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TUSK to update Abrams for urban battle

By Eric W. Cramer

The M1A2 Abrams tank is shown with TUSK improvements that will adapt it for the urban battlefield.
The M1A2 Abrams tank is shown with TUSK improvements that will adapt it for the urban battlefield.
WASHINGTON (Army News Service, March 9, 2005) -- The Abrams tank is growing a TUSK – that’s Tank Urban Survival Kit, a series of improvements, including some still in development.

TUSK will allow Soldiers in the field to improve the Abrams’ ability to survive in urban areas off the traditional battlefield for which it was designed.

Lt. Col. Michael Flanagan, product manager for TUSK, said the goal is to help improve the tank’s survivability.

“You have to remember, the tank was a Cold War design, aimed at a threat that was always to its front. It’s still the most survivable weapon in the arsenal from the front,” Flanagan said. “Today it’s a 360-degree fight, and these systems are designed to improve survivability in that urban environment.”

The TUSK includes additional protection at the loader’s gun station on the turret, the commander’s gun station, reactive armor to protect the tank’s side from attack by rocket-propelled grenades and slat armor to protect the tank’s rear from the same weapon, and the tank/infantry telephone to allow infantry and armor Soldiers to work together in combat.

Flanagan said all the proposed upgrades use “off the shelf” technology, and the goal is for the entire TUSK to be applied by units in the field, without requiring a return to a depot for modification.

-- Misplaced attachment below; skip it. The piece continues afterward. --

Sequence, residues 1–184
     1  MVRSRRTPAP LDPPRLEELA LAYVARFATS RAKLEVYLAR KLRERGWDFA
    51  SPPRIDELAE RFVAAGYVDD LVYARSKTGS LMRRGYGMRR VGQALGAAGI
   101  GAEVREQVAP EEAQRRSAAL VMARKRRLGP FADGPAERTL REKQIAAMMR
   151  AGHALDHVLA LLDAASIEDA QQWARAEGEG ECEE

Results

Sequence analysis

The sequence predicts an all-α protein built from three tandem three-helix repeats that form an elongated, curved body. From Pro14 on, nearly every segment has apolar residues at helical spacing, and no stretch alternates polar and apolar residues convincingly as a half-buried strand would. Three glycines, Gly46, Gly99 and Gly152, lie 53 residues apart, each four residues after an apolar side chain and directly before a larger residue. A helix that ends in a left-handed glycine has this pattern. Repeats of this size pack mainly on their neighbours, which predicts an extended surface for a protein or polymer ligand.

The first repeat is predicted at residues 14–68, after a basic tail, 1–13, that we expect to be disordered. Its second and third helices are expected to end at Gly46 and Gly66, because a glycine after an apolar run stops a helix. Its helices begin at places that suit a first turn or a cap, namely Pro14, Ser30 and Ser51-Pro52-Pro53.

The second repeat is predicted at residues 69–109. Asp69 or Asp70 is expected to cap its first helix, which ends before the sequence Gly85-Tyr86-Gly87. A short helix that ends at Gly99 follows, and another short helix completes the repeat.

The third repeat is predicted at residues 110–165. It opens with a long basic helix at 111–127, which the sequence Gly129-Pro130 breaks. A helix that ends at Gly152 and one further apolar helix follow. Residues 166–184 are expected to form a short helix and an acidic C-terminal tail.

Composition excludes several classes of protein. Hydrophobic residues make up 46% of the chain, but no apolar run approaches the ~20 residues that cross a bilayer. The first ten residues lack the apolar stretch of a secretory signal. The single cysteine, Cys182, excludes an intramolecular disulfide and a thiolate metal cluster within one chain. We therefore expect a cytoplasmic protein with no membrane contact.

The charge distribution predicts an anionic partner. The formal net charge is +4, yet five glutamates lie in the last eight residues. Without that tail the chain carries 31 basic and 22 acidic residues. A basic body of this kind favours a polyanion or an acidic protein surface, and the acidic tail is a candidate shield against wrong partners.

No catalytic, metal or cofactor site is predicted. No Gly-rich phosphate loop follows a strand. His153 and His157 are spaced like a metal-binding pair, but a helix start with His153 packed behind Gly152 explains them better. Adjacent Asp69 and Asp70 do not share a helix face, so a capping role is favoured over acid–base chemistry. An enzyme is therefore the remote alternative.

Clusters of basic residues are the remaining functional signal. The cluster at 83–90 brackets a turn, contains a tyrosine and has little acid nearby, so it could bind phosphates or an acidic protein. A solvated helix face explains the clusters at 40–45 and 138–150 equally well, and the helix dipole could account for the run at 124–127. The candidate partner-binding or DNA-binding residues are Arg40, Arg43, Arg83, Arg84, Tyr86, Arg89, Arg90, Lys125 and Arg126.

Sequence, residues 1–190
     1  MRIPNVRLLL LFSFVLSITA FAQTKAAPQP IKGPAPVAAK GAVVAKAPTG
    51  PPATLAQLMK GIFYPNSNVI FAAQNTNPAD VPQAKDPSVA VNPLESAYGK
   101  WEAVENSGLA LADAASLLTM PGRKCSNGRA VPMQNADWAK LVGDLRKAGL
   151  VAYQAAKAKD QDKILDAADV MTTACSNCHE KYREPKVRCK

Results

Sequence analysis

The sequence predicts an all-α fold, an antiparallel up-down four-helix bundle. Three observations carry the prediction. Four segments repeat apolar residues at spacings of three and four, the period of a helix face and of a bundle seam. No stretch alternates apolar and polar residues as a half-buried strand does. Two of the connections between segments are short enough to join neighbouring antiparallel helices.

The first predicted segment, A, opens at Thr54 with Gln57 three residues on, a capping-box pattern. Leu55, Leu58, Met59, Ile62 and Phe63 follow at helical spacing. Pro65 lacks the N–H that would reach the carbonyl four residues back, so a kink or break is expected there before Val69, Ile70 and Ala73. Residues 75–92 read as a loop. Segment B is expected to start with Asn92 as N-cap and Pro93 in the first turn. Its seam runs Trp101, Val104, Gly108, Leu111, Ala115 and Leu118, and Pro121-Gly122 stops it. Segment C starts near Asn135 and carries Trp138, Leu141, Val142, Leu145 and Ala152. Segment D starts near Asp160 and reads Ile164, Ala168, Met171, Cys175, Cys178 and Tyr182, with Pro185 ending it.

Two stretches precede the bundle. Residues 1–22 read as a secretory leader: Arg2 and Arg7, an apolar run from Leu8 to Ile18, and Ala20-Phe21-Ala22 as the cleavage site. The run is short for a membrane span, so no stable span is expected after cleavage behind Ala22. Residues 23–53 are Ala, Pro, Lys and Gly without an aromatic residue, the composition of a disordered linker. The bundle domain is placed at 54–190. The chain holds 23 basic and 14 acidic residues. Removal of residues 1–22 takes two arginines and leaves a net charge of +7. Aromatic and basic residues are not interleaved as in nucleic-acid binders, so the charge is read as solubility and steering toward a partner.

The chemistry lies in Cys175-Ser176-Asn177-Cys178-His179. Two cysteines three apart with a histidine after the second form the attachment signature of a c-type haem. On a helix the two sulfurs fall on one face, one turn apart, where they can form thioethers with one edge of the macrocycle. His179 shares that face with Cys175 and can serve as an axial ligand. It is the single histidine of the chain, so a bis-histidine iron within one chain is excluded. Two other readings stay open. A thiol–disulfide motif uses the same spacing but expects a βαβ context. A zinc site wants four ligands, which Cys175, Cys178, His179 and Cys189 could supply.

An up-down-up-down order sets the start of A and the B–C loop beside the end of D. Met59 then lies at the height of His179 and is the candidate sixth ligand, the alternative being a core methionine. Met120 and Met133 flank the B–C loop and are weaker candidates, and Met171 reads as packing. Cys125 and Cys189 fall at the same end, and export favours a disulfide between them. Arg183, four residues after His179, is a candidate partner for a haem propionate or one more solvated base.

“The reactive armor, for example, is a product similar to what’s on the Bradley (Armored Fighting Vehicle),” Flanagan said. “It’s explosive armor that protects the vehicle.”

Another example would be the slat armor designed to protect the tank’s rear from RPG attack. It is similar in design and concept to the slat armor used on the Stryker armored vehicles for the same purpose.

The first TUSK component to reach the field has been the Loader’s Armored Gun Shield, which provides protection to the loader when the Soldier is firing the 7.62mm machinegun on the Abrams’ turret. Flanagan said about 130 of the shields have already been purchased and sent to units in Iraq. Also incorporated into the loader’s firing position is a thermal sight, giving the position the ability to locate and fire on targets in the dark.

“This is the same unit that is used on machineguns carried by infantry troops, and we’ve incorporated it into the loader’s position,” Flanagan said. He said a system that attaches a pair of goggles to the sight, allowing the loader to fire the gun from inside the turret, while seeing the thermal sight’s image, is under development.

Also under development are improvements to the commander’s station outside the turret, although different systems are necessary for the M-1A2 Abrams and its older M1-A1 brethren.

“Because of things we added to the turret in the A2, the commander’s station had lost the ability to shoot the .50-caliber machinegun while under armor,” Flanagan said. “We’re developing a Remote Weapons Station, that will probably be similar to the one used on the Stryker, to allow that weapon to be fire from inside the turret.”

Flanagan said the design could also allow the use of the crewed weapon station used on Humvees, but a final determination hasn’t been made.

Ultimately, most of these add-ons will be incorporated into a kit – installed in the field and removed in the field as a pre-positioned component for the next Abrams unit to take duty in that location. Flanagan said some kits will begin to reach the field later this year.

At least some of the kits’ components may also be included in new Abrams’ production.

“The loader’s shield and the remote weapons station, and the tank/infantry telephone all may be included as regular production items in the tank,” Flanagan said. “It’s important to remember that the Abrams will continue to be the dominant weapons system for the Army until at least 2030.”




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